Linked by Thom Holwerda on Fri 20th Sep 2013 17:48 UTC
FreeBSD

There has been a lot of maturing technologies in FreeBSD 10, with many new features which make this release, I think, the most exciting one in years. A lot of development has gone into virtualisation support. Virtualisation with FreeBSD Jails has been available for a long time, but not so much "full virtualisation".

Let's have a look at the some of the most talked about, most requested and most interesting features that have found their way into or are planned for 10.0, but may not make the deadline.

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Comment by drcouzelis
by drcouzelis on Fri 20th Sep 2013 18:50 UTC
drcouzelis
Member since:
2010-01-11

Grrr, I'm so excited to dive into FreeBSD, but I feel like I can't have a good experience with it until pkg-ng is back up and working. ;)

Reply Score: 4

RE: Comment by drcouzelis
by phoenix on Fri 20th Sep 2013 18:57 UTC in reply to "Comment by drcouzelis"
phoenix Member since:
2005-07-11

PC-BSD has pkgNG repos available for 9.1-RELEASE, 9.2-RELEASE, 9.1-STABLE, and 9.2-STABLE. I use them at home (PC-BSD rolling release) and at work (9.2-STABLE) without any issues.

The plan is to have full binary package repos available for 10.0-RELEASE. The infrastructure is in place, the initial builds are running, and they are tracking down the last few issues with ports that don't compile with Clang/LLVM.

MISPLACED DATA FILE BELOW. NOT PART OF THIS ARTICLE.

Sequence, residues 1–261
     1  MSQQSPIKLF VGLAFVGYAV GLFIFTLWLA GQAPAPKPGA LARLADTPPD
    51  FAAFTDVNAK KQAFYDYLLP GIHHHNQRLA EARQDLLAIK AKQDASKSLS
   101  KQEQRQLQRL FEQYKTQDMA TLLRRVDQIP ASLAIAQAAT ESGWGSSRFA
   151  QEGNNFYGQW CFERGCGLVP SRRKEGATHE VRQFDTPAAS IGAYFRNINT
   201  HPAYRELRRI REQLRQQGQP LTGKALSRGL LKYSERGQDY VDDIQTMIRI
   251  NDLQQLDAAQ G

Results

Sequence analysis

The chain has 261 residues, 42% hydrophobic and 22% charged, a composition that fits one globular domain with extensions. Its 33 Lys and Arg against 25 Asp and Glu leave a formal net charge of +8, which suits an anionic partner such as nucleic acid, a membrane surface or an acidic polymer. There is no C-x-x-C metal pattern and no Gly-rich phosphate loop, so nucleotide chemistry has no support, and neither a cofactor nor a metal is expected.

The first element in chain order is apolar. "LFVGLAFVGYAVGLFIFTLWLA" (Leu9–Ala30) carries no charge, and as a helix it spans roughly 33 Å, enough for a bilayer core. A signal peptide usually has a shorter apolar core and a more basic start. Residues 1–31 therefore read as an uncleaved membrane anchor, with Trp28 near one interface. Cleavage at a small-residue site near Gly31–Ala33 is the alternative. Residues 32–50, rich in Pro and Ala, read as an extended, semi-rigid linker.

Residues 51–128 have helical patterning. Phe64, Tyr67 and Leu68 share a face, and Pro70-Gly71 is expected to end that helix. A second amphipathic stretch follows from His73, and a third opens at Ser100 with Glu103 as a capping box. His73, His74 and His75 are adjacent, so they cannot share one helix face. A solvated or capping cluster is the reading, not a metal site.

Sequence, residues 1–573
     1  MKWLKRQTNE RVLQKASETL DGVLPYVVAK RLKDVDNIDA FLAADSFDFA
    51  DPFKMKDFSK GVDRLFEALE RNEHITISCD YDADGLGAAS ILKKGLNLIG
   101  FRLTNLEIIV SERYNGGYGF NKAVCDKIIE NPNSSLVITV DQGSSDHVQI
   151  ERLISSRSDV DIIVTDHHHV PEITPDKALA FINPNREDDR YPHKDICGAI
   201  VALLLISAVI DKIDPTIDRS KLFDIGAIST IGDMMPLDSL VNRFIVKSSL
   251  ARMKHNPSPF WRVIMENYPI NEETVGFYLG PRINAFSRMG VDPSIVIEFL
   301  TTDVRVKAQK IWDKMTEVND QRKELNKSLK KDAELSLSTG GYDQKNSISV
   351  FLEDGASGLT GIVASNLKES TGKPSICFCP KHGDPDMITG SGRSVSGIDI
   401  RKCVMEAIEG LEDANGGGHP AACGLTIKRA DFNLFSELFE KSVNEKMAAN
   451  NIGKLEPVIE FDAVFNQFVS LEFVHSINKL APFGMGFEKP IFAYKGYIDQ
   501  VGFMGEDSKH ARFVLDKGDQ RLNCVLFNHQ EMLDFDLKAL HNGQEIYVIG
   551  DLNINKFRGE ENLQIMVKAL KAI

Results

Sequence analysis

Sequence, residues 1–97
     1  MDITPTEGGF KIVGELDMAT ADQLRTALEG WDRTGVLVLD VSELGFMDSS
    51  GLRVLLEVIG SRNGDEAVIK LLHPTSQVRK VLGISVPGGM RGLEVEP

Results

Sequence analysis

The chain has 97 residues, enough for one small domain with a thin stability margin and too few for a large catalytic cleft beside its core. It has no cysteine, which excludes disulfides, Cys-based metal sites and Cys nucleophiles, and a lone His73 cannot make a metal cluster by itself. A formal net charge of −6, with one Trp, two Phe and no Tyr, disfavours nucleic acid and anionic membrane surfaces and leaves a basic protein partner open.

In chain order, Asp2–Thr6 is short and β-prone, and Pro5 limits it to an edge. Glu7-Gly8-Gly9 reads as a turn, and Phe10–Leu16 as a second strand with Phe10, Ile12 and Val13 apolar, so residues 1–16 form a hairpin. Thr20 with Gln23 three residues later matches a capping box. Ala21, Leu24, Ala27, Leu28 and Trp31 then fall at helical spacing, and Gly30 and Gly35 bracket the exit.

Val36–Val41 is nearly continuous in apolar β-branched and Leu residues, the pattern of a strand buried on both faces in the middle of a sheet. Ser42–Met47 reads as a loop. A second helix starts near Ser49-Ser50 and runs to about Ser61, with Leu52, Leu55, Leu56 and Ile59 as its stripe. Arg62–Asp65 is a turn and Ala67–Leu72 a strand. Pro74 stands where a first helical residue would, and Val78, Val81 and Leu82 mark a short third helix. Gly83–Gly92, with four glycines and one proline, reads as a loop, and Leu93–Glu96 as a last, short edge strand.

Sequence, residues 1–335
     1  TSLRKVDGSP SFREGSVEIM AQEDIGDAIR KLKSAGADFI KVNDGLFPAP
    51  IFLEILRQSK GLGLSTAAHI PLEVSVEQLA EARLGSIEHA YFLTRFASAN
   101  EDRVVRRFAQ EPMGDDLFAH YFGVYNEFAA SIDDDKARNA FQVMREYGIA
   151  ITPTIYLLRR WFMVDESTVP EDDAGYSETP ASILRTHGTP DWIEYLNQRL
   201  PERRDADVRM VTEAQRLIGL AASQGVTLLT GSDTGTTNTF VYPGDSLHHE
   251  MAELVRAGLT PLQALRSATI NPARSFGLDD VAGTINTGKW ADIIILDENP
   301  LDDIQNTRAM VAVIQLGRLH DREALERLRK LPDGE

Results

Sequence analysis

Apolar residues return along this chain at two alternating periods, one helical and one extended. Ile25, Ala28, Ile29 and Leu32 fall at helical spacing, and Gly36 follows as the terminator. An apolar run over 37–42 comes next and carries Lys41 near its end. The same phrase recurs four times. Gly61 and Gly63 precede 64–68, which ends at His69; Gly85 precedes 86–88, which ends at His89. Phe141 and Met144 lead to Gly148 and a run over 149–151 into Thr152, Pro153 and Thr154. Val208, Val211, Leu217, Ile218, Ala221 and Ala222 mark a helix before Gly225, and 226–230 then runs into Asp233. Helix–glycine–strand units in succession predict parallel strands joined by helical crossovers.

IOW, if you wait until 10.0 is released, you can completely ignore the ports tree and never compile anything manually again. ;)

Or, you can install 9.2 when it's released, and use alternative repos for now, and switch to the official repos in a little bit.

Reply Score: 3

RE[2]: Comment by drcouzelis
by Drumhellar on Fri 20th Sep 2013 19:33 UTC in reply to "RE: Comment by drcouzelis"
Drumhellar Member since:
2005-07-12

IOW, if you wait until 10.0 is released, you can completely ignore the ports tree and never compile anything manually again. ;)


You actually can already do this with just the standard package tools. The default package location points a repo that has the packages that are current at the time of the release (Say, 9.1-RELEASE). These don't change, and are the same versions as the ports tree that is included on the install media.

There is also a pair of other repos, 9-CURRENT and 9-STABLE, with CURRENT being cutting edge and STABLE being a bit more settled-down. Currently, CURRENT and STABLE are the same, but this isn't always the point. If you point to STABLE, you get the same versions as found in the latest ports tree, with about a week or so of lag-time.

There is a minor problem with this, though. If you were to do pkg_add -r firefox, it'd look for a package All/firefox.tbz, which would be a symlink to, say, ../www/firefox-22.tbz. If the package gets updated to firefox-22.1.tbz, the symlink sometimes isn't updated completely (or might not be for some dependencies), and pkg_add will fail. If you point to the full and actual path, though, you won't have any problems.

Of course, you might still need the bsdadmin out of ports to make upgrading easier. These can be found elsewhere, though.